St John’s Wort – Hypericum Perforatum

Common names:

Chase Devil, Goatweed, St Joan’s Wort and Tipton’s weed.

Habitat and Growing Conditions: 

St John’s Wort – Hypericum perforatum

St John’s Wort is native to Europe and Asia. In Australia, where it has been introduced, St john’s Wort is classed as a weed as it spreads easily. The plant can lay dormant for 20 years and when livestock feed on it causes a myriad of health issues including photosensitivity and heart problems.  St John’s wort is a perennial, it grows erect, up to 90cm high and prefers light sandy soil and regular watering or at least 60cm of rain a year.  Its roots will grow deep but if the soil is shallow they will grow laterally. I have had no problems identifying the herb when finding it in the wild because as the name suggests the little leaves of the plant look perforated when held up to the sun.  These perforations are actually oil glands.  Hypericum perforatum flowers appear in the second year and are a bright, golden-yellow with five petals that have very small black dots around the edge. The center of the flower has many yellow stamens that remind me of a sparkler.  If you squeeze the flowers you will get a red stain on your hand due to the hypericin oil.  Tiny, sticky fruit bulbs contain the seeds and due to this sticky medium, they are transported easily by birds and animals.

Energetics:

Cold and dry.

Actions:

Alterative, alterative, analgesic, anti-convulsant, anti-depressant, anti-inflammatory, anti-depressant, anti-microbial, astringent, diuretic, expectorant, nervine and sedative.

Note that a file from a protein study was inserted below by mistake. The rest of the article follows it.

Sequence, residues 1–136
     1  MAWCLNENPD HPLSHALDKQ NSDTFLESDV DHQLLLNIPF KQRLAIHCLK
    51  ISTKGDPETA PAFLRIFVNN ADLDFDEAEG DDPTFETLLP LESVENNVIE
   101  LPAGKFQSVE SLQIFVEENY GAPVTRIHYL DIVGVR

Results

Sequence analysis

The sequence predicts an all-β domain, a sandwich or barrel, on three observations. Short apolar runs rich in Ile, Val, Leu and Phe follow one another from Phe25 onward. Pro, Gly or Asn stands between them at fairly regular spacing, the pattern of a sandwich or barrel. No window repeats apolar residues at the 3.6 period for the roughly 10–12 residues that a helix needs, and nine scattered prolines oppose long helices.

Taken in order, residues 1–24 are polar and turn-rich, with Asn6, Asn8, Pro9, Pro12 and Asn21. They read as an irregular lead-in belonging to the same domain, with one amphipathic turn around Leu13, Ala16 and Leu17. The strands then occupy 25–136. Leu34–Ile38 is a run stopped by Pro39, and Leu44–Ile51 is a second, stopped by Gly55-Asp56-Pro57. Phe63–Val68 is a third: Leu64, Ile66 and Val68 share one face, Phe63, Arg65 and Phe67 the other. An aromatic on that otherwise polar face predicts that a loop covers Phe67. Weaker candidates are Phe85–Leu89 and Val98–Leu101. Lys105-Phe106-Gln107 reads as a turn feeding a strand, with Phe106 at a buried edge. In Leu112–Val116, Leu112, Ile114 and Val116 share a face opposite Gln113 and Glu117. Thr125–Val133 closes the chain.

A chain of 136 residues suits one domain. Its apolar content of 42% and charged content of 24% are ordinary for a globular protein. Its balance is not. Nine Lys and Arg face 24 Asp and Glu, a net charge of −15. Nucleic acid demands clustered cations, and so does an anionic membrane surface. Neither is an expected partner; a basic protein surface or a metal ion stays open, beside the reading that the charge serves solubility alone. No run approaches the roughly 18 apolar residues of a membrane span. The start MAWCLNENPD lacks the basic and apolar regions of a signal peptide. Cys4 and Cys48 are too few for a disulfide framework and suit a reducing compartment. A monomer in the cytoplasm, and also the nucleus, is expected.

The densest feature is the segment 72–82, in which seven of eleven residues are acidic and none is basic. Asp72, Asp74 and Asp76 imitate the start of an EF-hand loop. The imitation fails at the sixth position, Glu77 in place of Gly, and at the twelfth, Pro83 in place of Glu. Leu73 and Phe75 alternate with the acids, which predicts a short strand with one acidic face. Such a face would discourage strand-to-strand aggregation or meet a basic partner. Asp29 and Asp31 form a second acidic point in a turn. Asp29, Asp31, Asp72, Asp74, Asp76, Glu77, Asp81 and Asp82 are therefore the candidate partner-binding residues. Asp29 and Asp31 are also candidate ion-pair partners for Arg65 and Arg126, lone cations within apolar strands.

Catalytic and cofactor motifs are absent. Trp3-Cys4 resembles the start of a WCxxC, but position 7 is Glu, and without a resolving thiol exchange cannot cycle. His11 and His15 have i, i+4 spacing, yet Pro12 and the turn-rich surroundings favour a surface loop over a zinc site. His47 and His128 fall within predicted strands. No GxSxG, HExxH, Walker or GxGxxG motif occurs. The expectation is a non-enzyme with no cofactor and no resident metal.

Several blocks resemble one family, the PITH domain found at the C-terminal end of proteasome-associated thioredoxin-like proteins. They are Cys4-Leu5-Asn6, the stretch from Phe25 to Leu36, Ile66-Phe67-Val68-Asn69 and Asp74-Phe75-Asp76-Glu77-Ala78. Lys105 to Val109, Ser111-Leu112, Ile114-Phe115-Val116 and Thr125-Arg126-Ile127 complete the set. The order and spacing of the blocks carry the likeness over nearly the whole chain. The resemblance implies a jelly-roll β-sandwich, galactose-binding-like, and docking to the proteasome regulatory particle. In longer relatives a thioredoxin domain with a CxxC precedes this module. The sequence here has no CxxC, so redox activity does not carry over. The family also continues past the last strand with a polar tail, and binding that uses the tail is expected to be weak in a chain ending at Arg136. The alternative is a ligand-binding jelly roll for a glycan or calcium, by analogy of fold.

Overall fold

Indications:

Anxiety, enveloped viruses, excitability, fibrositis, mild depression, nervousness, nervous excitability, nervous exhaustion, neuralgia, menopausal depression, premenstrual syndrome, sciatica, and topically for wounds, nerve pain (which includes headaches and schingles) and.

St John’s Wort is an important plant in herbal medicine and one of my favorite ways of using it is topically by preparing an oil infusion of the fresh flowers. Learn how to make St John’s Wort infused oil yourself, here. Purchase my gorgeous, deep red, St John’s Wort, here. Constituents: Essential oil, flavonoids, Hypericin, Hyperforin, and pseudohypericin contraindications:  Avoid in severe depression, pregnancy and lactation. Do not use when on the following drugs: irinotecan, imatinib, verapamil, HIV drugs, cyclosporin, methadone, anticoagulants, digoxin, theophylline, and the oral contraceptive pill. Avoid with anti-coagulants.  Avoid excessive sun exposure. Dosage:  Dry herb 4.5-9grams per day 1:2 Liquid extract 20-40mls per week

References: Agriculture Victoria, http://agriculture.vic.gov.au/agriculture/pests-diseases-and-weeds/weeds/a-z-of-weeds/st-johns-wort#

Phytotherapy Desk Reference by M. Thomsen and H. Gennat p: 69-70 A Modern Herbal by Mrs. M. Grieve p: 707

The Ultimate Herbal Compendium by Kerry Bone p:64

The Complete Herbal Tutor by Anne McIntyre p:75

Disclaimer: At Byron Botanicals we do not diagnose disease or illness. We offer products or consultations that may assist in your health and lifestyle but only after you have had advice from your doctor or specialist. Should you have any unknown symptoms, speak to your doctor or specialist first. We make no healing claims about the products offered by our website.

Menu